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dc.contributor.advisorIsrael, Charles
dc.contributor.advisorJakeman, Roberten_US
dc.contributor.advisorCarey, Anthony G.en_US
dc.contributor.authorChandler, Danaen_US
dc.date.accessioned2009-02-23T15:55:13Z
dc.date.available2009-02-23T15:55:13Z
dc.date.issued2008-12-15en_US
dc.identifier.urihttp://hdl.handle.net/10415/1471
dc.description.abstractThis study seeks to explore the non-aligned, non-class Church of Christ, a particular movement within the Churches of Christ\Disciples of Christ, which has never been recognized as a separate and independent part of the conservative movement of either of these groups even though their numbers are approximately three hundred congregations within the United States and many more abroad. This particular movement’s interrelationships and doctrinal similarities among the affiliated congregations have changed very little over the past 100 years. Their way of responding to problems within their local, independent congregations, coupled with their development from a distinctly different lineage than the ‘mainstream’ Disciples of Christ or other Churches of Christ, make them an interesting group to study and explore. This group may also be classified as a hyper-congregational organization in their insistence on maintaining their independence within a loosely confederated fellowship of like faith and doctrine. Utilizing oral history interviews, primary source documents (such as sermons, correspondence, periodicals, and pamphlets), secondary literature (Church of Christ and non-Church of Christ) and photographic media, this study follows the development of the non-aligned, non-class Churches of Christ during the early 1800s through the middle of the twentieth century. Five main aspects will be discussed in this document: (1) these congregations developed in rural areas, free from the encroachment of new people and new ideas and yet their influence and characteristics would influence many other groups throughout the southern United States, (2) these congregations began through the efforts of men such as James O’Kelly in the late 1700s and Moses Park in 1845, men with a vision of congregations based upon a primitive pattern established within the Bible almost two thousand years ago, (3) the influx of local Baptists, who had likewise fought against certain religious innovations, into the early development of the non-aligned, non-class Churches of Christ prompted them to reject missionary societies and paid preachers, (4) they received further instruction from men who helped to maintain the views of the congregations in Randolph County, by reinforcing their doctrines through consistent preaching and teaching, and (5) these congregations maintained strong ties to one another through intermarriage and attending each other’s meetings, thereby reinforcing conservative teaching in an unbroken generational line.en_US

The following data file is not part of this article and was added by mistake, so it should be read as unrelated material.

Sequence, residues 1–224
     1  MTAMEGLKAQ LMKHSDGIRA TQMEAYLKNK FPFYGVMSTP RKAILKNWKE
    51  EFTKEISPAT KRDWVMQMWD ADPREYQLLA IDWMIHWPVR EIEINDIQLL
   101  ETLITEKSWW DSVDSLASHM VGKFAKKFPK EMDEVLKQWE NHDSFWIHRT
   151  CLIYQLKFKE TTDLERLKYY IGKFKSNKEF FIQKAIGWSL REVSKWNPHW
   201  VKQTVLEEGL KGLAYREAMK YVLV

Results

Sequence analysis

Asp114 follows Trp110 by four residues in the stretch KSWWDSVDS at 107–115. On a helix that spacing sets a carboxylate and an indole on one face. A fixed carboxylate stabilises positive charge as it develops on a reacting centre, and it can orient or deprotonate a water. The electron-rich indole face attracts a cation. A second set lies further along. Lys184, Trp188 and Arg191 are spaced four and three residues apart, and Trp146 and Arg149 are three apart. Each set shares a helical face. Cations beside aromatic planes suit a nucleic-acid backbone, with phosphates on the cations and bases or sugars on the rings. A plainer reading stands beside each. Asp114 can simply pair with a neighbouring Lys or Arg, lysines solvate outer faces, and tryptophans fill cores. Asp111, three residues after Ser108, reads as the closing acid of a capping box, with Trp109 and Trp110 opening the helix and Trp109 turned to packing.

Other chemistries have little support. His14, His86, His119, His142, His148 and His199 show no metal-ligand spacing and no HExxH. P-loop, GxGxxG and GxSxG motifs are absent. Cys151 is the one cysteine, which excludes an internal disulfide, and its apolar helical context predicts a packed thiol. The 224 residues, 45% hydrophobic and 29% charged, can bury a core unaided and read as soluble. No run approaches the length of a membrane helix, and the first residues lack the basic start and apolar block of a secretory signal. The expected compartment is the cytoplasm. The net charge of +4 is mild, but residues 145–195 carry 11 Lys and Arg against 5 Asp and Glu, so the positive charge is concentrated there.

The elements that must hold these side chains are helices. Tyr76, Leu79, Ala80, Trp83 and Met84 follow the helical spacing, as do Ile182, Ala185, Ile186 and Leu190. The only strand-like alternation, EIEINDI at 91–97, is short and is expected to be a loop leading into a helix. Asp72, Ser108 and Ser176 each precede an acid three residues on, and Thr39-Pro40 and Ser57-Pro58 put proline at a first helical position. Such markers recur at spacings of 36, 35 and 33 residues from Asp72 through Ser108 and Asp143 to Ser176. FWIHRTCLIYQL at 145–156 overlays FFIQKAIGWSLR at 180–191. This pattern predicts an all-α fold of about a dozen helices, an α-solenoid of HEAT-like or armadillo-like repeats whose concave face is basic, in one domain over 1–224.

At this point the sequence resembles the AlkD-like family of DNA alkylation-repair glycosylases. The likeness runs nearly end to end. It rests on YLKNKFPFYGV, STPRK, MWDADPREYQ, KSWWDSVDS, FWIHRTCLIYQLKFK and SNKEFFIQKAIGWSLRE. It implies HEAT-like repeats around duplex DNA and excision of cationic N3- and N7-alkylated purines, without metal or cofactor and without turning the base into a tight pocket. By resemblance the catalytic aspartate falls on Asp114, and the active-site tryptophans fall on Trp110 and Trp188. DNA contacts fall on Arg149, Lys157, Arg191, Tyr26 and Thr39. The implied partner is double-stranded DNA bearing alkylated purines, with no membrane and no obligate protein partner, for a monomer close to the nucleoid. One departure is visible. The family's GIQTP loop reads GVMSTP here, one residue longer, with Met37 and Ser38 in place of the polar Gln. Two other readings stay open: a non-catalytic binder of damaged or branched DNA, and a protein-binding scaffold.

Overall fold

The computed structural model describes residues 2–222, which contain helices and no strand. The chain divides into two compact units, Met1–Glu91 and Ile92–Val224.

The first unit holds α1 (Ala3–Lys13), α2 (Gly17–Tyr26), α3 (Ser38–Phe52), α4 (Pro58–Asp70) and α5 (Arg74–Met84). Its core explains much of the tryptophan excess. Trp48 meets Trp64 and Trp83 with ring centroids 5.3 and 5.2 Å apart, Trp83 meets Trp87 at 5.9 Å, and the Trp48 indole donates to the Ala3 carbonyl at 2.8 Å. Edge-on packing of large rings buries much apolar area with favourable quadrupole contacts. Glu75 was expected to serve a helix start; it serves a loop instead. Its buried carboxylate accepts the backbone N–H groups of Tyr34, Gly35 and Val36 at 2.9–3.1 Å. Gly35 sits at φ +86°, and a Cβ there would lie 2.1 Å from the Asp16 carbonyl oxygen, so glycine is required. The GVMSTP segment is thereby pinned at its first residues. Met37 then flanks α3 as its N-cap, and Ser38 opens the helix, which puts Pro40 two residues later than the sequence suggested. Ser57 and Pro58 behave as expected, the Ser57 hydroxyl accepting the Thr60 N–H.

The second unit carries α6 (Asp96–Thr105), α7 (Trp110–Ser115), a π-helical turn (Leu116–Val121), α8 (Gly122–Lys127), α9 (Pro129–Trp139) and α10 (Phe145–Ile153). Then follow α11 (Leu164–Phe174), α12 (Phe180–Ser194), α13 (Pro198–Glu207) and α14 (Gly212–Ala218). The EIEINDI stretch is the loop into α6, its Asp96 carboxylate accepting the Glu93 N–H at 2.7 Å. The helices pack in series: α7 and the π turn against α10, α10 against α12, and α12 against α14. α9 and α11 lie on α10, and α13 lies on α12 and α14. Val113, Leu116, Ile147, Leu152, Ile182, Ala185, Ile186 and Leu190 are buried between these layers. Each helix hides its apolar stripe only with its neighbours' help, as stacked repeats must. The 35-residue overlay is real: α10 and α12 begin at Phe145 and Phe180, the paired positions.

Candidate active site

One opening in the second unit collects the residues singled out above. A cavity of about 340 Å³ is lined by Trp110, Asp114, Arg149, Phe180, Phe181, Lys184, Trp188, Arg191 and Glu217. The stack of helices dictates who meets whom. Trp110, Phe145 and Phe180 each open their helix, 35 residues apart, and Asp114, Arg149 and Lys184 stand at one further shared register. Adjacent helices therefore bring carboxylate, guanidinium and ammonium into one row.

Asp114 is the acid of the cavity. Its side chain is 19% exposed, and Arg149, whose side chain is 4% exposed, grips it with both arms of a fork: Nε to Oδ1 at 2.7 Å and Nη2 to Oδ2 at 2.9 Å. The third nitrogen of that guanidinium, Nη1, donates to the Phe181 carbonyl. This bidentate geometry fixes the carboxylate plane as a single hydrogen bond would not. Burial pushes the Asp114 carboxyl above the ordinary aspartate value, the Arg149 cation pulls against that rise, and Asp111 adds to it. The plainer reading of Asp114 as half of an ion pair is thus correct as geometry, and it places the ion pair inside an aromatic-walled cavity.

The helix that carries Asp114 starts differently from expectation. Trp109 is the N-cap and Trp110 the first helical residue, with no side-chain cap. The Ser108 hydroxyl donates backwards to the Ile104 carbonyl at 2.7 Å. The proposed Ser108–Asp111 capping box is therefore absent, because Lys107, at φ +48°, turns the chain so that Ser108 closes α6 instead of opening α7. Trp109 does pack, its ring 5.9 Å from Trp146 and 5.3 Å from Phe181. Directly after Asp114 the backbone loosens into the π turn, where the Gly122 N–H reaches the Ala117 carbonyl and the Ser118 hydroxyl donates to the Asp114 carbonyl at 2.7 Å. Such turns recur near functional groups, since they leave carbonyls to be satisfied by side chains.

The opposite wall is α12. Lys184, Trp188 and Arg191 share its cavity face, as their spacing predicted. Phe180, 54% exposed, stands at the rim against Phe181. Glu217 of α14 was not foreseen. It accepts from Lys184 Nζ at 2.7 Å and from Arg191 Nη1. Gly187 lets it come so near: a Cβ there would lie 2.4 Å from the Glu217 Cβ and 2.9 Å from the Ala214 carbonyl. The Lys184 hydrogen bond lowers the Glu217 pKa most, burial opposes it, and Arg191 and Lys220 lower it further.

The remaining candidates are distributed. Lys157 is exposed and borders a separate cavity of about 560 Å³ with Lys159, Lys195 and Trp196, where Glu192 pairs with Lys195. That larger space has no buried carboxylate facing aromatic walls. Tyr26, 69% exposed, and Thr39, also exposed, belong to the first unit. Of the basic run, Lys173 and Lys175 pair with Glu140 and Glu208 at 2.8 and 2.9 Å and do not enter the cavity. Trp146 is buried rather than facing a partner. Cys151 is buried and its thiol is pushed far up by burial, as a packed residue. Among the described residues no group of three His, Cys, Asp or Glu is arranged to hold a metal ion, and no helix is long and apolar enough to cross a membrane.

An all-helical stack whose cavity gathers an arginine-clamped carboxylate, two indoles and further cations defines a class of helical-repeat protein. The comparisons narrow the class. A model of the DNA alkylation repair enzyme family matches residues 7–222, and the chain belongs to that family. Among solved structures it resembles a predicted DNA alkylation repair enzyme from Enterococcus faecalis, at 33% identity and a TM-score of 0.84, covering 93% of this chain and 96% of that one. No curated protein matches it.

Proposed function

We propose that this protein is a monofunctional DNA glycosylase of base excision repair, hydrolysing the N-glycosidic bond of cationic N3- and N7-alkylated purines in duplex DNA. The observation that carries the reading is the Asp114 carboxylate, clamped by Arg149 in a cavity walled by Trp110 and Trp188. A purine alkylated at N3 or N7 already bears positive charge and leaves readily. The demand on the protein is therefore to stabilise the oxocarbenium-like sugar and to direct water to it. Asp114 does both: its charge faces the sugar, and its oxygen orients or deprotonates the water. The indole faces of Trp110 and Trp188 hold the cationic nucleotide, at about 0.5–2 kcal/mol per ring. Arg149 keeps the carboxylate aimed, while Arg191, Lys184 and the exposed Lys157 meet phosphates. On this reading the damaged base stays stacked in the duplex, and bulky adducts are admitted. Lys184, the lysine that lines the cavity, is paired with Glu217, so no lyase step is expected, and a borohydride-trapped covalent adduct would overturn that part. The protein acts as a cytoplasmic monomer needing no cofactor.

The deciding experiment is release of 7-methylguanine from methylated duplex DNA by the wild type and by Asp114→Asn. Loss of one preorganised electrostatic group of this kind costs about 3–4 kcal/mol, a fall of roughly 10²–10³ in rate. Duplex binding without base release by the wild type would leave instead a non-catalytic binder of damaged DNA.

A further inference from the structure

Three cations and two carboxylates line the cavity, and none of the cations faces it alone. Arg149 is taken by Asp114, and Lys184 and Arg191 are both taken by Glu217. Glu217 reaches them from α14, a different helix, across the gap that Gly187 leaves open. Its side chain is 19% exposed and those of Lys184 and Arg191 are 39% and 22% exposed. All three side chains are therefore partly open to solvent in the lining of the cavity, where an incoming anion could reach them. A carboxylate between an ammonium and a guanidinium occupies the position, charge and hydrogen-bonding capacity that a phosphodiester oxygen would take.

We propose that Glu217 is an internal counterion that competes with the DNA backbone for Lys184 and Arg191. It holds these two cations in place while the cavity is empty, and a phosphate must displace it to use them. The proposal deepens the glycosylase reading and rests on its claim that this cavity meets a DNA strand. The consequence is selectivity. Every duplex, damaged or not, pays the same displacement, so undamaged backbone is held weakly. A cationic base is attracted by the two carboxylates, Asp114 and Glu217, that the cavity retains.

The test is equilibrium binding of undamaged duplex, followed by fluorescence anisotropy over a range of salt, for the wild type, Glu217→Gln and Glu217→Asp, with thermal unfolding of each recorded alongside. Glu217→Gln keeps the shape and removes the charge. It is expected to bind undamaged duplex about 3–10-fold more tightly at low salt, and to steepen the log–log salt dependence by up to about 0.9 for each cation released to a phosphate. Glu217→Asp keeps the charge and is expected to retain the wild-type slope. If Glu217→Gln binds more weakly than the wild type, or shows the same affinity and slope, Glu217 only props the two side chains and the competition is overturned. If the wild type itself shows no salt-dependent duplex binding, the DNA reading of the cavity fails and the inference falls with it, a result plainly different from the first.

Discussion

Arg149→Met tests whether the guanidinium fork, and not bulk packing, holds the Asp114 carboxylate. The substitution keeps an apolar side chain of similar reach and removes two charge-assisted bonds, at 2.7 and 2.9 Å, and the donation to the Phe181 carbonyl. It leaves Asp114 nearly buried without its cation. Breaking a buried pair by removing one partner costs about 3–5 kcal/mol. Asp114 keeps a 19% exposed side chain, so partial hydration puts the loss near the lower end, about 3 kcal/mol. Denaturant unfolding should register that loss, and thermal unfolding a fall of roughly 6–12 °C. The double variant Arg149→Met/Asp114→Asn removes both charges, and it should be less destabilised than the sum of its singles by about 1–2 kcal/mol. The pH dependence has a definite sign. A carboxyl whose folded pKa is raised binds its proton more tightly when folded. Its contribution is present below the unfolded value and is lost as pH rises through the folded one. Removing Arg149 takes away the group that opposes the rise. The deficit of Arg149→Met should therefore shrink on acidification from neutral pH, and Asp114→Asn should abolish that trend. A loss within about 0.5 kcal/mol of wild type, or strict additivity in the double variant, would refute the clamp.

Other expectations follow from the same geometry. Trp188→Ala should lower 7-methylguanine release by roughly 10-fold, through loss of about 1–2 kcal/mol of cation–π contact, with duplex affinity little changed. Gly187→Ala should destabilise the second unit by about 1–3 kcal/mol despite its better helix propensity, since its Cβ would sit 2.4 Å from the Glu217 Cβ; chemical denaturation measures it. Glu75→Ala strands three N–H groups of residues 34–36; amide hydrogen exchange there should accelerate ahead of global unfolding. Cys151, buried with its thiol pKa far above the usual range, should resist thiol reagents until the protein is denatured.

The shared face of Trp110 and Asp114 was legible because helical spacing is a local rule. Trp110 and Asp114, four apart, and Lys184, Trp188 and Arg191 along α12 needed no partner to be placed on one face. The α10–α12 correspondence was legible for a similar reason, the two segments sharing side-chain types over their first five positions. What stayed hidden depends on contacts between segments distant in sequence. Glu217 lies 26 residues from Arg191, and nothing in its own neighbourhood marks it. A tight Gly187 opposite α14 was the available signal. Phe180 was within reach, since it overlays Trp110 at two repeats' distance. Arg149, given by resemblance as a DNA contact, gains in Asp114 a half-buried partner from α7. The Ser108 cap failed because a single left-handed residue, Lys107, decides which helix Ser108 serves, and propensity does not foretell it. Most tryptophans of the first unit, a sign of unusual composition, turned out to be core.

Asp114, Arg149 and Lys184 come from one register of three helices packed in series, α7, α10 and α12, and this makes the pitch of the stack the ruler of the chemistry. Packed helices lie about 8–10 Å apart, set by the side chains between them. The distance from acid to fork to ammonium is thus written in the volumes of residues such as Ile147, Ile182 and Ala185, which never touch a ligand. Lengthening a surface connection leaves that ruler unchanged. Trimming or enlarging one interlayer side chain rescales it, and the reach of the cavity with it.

dc.language.isoen_USen_US
dc.subjectHistoryen_US
dc.titleSetting the Table With Bibles: A History of the Non-Aligned, Non-Class Churches of Christen_US
dc.typeThesisen_US
dc.embargo.lengthNO_RESTRICTIONen_US
dc.embargo.statusNOT_EMBARGOEDen_US


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